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Michele ESPOSITO (1855-1929)
Violin Sonata in G major No. 1, Op. 32 (1890s?) [19:16]
Violin Sonata in E minor No. 2, Op. 46 (1907) [19:03]
Violin Sonata in A major No. 3, Op. 67 (1920-21) [22:46]
Cello Sonata, Op. 43 (1899) [18:26]
Mia Cooper (violin); William Butt (cello); Lance Coburn (piano)
rec. 3-5 September 2012, Music Room, Champs Hill, West Sussex, UK

Hardly a household name, Esposito, though born in the Naples area, was a significant figure in the Irish musical world for practically the whole of his professional life. He was a teacher, conductor and composer. James Joyce was numbered among his friends. I owe it to Malcolm Macdonald’s illuminating and clearly deeply researched liner-note that I can tell you that in the 1890s Esposito conducted the Moscow premiere of Mussorgsky’s Khovanschina and the world première of Rimsky-Korsakov’s Sadko. His numerous pupils included Hamilton Harty. It was the Harty connection that meant that Esposito’s name was not completely unknown to me. He gets an honourable mention in David Greer’s (editor) Hamilton Harty: His Life and Works (Blackstaff, 1979) and no doubt will receive further slipstream in Jeremy Dibble’s imminent Hamilton Harty - Musical Polymath (Boydell & Brewer, 2013). Harty was to play an honoured role in the Esposito story. He conducted the première of his teacher’s Piano Concerto in 1913 and was the dedicatee of Esposito’s Third Violin Sonata. The Piano Concerto sounds as if it might be a ‘natural’ for Hyperion’s Romantic Piano Concerto series.
I thought that these Harty-centred references in the Greer book would be the last I would hear of Esposito. Wrong. This is, however, the first recording of any of his works; I would be happy to hear of any others. After all, his work-list includes a cantata for solo singers, chorus and orchestra, Dierdre (1897) and a Sinfonia Irlandese or Symphony on Irish Airs (1902); Harty was to write his own Irish Symphony in 1924. To this we can add an orchestral Irish Suite and two one-act operas, The Tinker and the Fairy and The Post Bag. There are said to be plenty of songs, chamber music and pieces for solo piano.
The First Sonata’s lovely first movement is in fresh and constant song - a blend of Brahms, Fauré and bel canto although the violin’s tone could have been more fruity. The Lento is a reflective meditation yet accommodating passing grey clouds. It is followed by a vivaciously chafing Allegro with a calmer central aside and a rhetorical finish. The Second Sonata is also in three movements. We start with a capriciously twisting and turning Allegro moderato. The mood is troubled and restless rather than ‘allegro’. The succeeding Andantino is a delicately dancing faery creature. The finale is a confident Con fuoco with glittering work for the piano and a typically triumphant pay-off. The Third Sonata does not break expectations raised by the two earlier sonatas, despite being written in the 1920s - just five years before its composer’s death. Delicacy and darkness are in play in the first of its four movements. The two short central movements are a halting Allegro moderato and a pensive Andante. The finale is a slowly flowing and smiling Allegretto grazioso. The Cello Sonata takes us back to the late 1890s - then again, these works never really left that haven. This is satisfying and polished, mellifluously Brahmsian. It’s very well played indeed as are the violin sonatas. The writing overall in these works is generally fairly conventional although Esposito’s predilection for gently thoughtful slow movements with pauses along the way leaves a memorable impression.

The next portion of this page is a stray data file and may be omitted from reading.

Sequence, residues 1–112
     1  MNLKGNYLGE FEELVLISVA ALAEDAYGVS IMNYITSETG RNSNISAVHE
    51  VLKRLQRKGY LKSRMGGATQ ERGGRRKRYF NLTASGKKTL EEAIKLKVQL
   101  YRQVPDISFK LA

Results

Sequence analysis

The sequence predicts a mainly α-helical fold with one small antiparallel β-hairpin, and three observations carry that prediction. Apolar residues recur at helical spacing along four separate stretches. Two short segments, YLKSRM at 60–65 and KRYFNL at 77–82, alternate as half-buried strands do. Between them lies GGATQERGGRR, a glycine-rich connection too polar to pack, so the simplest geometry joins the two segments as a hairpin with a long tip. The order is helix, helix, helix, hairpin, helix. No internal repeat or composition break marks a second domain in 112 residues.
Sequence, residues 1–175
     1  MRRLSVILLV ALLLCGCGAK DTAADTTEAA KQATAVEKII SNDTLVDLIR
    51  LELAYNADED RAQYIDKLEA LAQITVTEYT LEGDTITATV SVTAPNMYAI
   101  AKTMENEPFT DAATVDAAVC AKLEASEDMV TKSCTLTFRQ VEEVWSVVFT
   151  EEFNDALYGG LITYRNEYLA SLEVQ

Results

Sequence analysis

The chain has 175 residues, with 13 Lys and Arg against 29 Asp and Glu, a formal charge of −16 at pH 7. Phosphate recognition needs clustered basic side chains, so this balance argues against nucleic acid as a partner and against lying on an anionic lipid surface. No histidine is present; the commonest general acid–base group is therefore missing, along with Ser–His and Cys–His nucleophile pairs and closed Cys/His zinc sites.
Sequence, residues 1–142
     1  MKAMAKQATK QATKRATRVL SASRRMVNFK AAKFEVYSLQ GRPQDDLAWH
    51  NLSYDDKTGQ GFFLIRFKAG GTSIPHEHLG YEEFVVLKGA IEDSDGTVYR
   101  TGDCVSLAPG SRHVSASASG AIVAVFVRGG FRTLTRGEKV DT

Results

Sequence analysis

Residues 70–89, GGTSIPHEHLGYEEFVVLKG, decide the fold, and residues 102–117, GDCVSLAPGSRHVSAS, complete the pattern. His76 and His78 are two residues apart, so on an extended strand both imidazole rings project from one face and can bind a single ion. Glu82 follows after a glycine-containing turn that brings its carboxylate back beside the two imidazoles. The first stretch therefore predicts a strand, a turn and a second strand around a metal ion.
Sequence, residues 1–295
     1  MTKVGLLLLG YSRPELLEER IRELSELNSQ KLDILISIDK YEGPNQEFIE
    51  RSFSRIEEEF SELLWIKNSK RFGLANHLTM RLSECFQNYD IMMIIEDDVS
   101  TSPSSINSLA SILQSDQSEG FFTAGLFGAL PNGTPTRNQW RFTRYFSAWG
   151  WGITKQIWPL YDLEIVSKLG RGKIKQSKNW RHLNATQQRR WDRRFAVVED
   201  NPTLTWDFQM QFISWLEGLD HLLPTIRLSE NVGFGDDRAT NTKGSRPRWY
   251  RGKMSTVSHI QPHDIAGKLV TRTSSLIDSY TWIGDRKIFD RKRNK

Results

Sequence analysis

We owe thanks to all who made this project a reality. Particular recognition is due to Mia Cooper who re-discovered these scores while scanning the Royal Irish Academy of Music’s scores for its online catalogue. She is an eloquent advocate and her shared delight in these discoveries is patent. Champs Hill, producer/engineer Michael Ponder and all the various artists here are also to be thanked for not stopping with the three violin works. The pleasing Cello Sonata takes this disc to approaching eighty minutes.
An eloquent, generously-timed and valuable summation of the work of an all-but unknown Irish composer of Brahmsian sympathies.
Rob Barnett 

I am grateful to Peter Caffrey for pointing out that in fact a selection of Esposito's piano music has been surveyed on CD by Miceal O'Rourke. His all-Esposito recital, running to some 79 minutes, can be heard on Chandos CHAN 9675.